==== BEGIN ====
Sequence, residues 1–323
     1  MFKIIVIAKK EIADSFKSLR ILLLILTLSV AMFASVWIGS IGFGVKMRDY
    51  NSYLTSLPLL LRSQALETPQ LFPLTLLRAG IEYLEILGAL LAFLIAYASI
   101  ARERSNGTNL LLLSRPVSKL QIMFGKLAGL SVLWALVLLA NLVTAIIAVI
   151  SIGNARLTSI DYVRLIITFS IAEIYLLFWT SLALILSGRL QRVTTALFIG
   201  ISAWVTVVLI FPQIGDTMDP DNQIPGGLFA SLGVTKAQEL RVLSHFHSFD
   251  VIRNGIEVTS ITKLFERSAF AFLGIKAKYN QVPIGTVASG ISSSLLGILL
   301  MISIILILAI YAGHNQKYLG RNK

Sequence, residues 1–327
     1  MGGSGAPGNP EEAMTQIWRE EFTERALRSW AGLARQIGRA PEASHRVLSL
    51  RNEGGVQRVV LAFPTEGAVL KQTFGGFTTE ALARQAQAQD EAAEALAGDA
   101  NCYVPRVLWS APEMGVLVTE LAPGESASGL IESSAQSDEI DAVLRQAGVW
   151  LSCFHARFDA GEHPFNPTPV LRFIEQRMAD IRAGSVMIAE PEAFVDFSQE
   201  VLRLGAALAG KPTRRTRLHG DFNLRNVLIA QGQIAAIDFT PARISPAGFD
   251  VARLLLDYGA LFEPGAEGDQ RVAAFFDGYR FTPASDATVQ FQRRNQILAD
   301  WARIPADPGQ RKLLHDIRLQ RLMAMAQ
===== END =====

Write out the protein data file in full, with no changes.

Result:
Sequence, residues 1–323
     1  MFKIIVIAKK EIADSFKSLR ILLLILTLSV AMFASVWIGS IGFGVKMRDY
    51  NSYLTSLPLL LRSQALETPQ LFPLTLLRAG IEYLEILGAL LAFLIAYASI
   101  ARERSNGTNL LLLSRPVSKL QIMFGKLAGL SVLWALVLLA NLVTAIIAVI
   151  SIGNARLTSI DYVRLIITFS IAEIYLLFWT SLALILSGRL QRVTTALFIG
   201  ISAWVTVVLI FPQIGDTMDP DNQIPGGLFA SLGVTKAQEL RVLSHFHSFD
   251  VIRNGIEVTS ITKLFERSAF AFLGIKAKYN QVPIGTVASG ISSSLLGILL
   301  MISIILILAI YAGHNQKYLG RNK

Sequence, residues 1–327
     1  MGGSGAPGNP EEAMTQIWRE EFTERALRSW AGLARQIGRA PEASHRVLSL
    51  RNEGGVQRVV LAFPTEGAVL KQTFGGFTTE ALARQAQAQD EAAEALAGDA
   101  NCYVPRVLWS APEMGVLVTE LAPGESASGL IESSAQSDEI DAVLRQAGVW
   151  LSCFHARFDA GEHPFNPTPV LRFIEQRMAD IRAGSVMIAE PEAFVDFSQE
   201  VLRLGAALAG KPTRRTRLHG DFNLRNVLIA QGQIAAIDFT PARISPAGFD
   251  VARLLLDYGA LFEPGAEGDQ RVAAFFDGYR FTPASDATVQ FQRRNQILAD
   301  WARIPADPGQ RKLLHDIRLQ RLMAMAQ